We have not failed to consider the Attorney General's suggestion, on rehearing, that we have failed to take into account Penal Code section 1045. That section was enacted in 1980 and became effective after the municipal court proceedings here at issue. It is therefore inapposite to our instant determination. But since it would, at least ordinarily, be applicable upon reinstitution of probation revocation proceedings against Armstrong, we treat the suggestion as a request that we examine the effect of section 1045 upon our holding, thus to avoid unnecessary future litigation.
Penal Code section 1045 provides: “In any misdemeanor or infraction matter, where a verbatim record of the proceedings is not required to be made and where the right of a party to request a verbatim record is not provided for pursuant to any other provision of law or rule of court, if any party makes a request at least five days in advance and deposits the required fees, the court shall order that a verbatim record be made of all proceedings. Except as otherwise provided by law or rule the party requesting any reporting, recording, or transcript pursuant to this section shall pay the cost of such reporting, recording, or transcript. (P ) This section shall cease to be operative upon a final decision of an appellate court holding that there is a constitutional right or other requirement that a verbatim record or transcript be provided at public expense for indigent or any other defendants in cases subject to the provisions of this section.” (Emphasis added.)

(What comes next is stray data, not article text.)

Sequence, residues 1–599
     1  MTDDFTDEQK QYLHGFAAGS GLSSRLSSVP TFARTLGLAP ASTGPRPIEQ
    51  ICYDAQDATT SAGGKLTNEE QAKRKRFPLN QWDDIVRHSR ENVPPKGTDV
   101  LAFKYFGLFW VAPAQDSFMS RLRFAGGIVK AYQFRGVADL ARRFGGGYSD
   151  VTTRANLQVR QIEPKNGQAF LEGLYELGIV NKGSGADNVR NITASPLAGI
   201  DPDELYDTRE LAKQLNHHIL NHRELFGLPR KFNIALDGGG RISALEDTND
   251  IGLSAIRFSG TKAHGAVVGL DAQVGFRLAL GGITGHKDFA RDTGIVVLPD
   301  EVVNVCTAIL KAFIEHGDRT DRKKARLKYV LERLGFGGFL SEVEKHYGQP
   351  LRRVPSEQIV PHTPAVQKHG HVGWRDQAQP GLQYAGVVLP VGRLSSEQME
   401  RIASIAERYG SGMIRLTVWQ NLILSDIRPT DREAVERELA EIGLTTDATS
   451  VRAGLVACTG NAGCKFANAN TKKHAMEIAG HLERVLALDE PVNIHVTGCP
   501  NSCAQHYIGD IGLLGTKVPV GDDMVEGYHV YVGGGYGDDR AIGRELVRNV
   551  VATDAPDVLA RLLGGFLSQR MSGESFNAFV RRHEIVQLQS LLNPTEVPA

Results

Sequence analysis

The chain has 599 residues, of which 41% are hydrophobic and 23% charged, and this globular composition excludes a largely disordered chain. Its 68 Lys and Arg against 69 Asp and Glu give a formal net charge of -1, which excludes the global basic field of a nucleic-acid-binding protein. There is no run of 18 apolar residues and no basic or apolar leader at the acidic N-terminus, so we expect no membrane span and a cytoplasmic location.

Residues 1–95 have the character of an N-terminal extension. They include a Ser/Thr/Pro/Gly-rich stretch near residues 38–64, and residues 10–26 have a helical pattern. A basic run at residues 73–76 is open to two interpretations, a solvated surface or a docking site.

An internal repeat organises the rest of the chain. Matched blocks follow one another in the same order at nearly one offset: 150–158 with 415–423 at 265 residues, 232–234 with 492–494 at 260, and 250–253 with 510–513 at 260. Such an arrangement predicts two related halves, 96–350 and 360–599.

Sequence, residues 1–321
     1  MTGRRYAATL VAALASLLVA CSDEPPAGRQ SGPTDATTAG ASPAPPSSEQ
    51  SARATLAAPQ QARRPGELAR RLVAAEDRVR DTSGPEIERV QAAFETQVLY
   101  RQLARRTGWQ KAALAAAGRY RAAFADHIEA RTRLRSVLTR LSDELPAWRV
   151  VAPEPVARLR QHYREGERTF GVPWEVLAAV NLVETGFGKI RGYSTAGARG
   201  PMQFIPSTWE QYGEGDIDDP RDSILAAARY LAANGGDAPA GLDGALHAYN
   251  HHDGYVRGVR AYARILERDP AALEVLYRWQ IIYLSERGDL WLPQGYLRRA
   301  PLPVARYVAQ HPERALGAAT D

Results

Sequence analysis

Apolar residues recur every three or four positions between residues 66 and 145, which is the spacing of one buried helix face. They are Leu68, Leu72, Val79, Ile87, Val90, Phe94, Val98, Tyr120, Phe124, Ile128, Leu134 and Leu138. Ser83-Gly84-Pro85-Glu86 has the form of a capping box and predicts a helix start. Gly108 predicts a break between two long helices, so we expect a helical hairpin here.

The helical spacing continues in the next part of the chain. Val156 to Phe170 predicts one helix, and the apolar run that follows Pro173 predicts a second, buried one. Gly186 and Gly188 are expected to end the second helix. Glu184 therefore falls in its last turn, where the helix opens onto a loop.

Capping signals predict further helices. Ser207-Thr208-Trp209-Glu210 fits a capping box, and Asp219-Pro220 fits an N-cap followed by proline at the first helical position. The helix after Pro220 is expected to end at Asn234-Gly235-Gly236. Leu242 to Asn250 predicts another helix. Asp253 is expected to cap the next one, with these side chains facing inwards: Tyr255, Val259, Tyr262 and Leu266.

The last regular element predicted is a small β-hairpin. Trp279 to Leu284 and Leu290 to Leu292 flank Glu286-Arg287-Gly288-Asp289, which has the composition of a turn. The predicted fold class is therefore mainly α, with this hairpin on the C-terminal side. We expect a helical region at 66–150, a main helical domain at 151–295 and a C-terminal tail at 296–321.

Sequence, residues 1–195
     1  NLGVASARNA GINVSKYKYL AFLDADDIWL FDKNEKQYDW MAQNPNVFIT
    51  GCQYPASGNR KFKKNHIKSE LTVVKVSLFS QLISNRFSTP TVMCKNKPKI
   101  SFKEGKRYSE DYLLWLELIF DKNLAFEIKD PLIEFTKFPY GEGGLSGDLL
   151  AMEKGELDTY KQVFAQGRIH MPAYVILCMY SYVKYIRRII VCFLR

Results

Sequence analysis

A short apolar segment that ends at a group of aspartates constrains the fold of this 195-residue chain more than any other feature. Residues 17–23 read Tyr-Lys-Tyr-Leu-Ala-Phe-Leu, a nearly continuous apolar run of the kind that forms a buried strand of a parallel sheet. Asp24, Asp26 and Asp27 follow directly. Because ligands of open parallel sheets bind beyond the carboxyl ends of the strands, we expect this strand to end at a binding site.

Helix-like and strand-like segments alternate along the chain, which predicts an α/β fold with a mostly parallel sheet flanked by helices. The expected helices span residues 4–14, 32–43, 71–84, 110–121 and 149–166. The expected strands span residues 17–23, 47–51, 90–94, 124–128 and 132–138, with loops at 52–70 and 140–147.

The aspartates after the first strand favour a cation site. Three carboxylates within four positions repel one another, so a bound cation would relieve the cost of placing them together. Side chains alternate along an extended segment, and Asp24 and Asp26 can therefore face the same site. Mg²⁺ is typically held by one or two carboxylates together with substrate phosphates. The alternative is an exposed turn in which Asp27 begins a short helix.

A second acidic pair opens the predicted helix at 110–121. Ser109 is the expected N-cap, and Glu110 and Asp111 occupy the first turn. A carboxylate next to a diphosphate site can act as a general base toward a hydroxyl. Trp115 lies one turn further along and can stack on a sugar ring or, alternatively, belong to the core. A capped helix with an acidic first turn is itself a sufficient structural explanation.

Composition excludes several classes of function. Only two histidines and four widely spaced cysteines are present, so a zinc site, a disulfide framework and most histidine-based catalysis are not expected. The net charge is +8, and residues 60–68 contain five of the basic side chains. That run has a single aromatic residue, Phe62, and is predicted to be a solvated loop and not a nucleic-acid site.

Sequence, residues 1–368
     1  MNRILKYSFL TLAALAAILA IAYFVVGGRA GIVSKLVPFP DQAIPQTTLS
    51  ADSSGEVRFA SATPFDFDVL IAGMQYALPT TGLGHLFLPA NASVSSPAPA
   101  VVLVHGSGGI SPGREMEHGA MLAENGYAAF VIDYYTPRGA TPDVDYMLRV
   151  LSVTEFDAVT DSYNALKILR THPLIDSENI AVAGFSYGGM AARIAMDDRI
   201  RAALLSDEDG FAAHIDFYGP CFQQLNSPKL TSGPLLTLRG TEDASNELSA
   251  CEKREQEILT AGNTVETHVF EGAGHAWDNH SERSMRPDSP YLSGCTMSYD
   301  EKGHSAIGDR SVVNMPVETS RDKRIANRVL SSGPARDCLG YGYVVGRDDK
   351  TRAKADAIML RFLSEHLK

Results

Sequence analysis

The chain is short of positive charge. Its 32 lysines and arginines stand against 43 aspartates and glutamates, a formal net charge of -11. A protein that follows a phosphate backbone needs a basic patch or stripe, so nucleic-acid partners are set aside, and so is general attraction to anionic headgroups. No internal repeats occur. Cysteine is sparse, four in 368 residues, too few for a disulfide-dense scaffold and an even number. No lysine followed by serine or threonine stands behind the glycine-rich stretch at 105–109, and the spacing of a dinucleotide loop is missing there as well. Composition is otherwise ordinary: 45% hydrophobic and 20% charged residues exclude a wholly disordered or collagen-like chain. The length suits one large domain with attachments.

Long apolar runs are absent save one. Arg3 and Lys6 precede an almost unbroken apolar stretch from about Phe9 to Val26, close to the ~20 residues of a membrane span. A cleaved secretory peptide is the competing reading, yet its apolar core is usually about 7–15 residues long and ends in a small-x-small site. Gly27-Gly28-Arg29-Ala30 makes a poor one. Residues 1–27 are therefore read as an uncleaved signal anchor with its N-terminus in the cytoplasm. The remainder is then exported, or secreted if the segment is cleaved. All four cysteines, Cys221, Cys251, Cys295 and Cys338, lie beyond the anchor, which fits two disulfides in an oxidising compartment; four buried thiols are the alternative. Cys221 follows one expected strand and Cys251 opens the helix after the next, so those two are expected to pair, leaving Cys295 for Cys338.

We have, by our instant decision, held that, upon request therefor, there is a constitutional right that a verbatim record be provided at public expense for all defendants in misdemeanor matters. According to section 1045's express terms it will “cease to be operative” when, and if, our decision shall become final. We need not resolve other contentions concerning its validity.
So also we have considered Armstrong's argument concerning the shortcomings of verbatim recording by electronic equipment. We hold only that a misdemeanor defendant, upon his request, is constitutionally entitled to a verbatim “record of sufficient completeness” permitting proper consideration of an appeal which might thereafter be taken. If the claimed inadequacies of electronic recording shall hereafter be established by judicial experience, or otherwise, the constitutional requirement will not have been met.
Applying applicable judicial criteria for determining “whether a constitutional ruling is to be applied retroactively or prospectively” (Mills v. Municipal Court (1973) 10 Cal.3d 288, 308, 110 Cal.Rptr. 329, 515 P.2d 273), we declare that, except as to Armstrong, the holding we have made shall operate prospectively only, and as to misdemeanor trials and proceedings commenced after this opinion shall become final. (See Halliday v. United States (1969) 394 U.S. 831, 832, 89 S.Ct. 1498, 1499, 23 L.Ed.2d 16; Mills v. Municipal Court, supra, 10 Cal.3d pp. 308-311, 110 Cal.Rptr. 329, 515 P.2d 273; People v. Nelson (1972) 8 Cal.3d 463, 467, 105 Cal.Rptr. 314, 503 P.2d 1322 (cert. den., 411 U.S. 968, 93 S.Ct. 2158, 36 L.Ed.2d 690); In re Oglesby (1974) 36 Cal.App.3d 629, 631-634, 111 Cal.Rptr. 866, and authority there collected.)
The writ of habeas corpus is granted. The order revoking Armstrong's probation is set aside, and the municipal court may take such further proceedings as are in accordance with law and not inconsistent with the views we have expressed.
ELKINGTON, Associate Justice.
RACANELLI, P. J., and GRODIN, J., concur.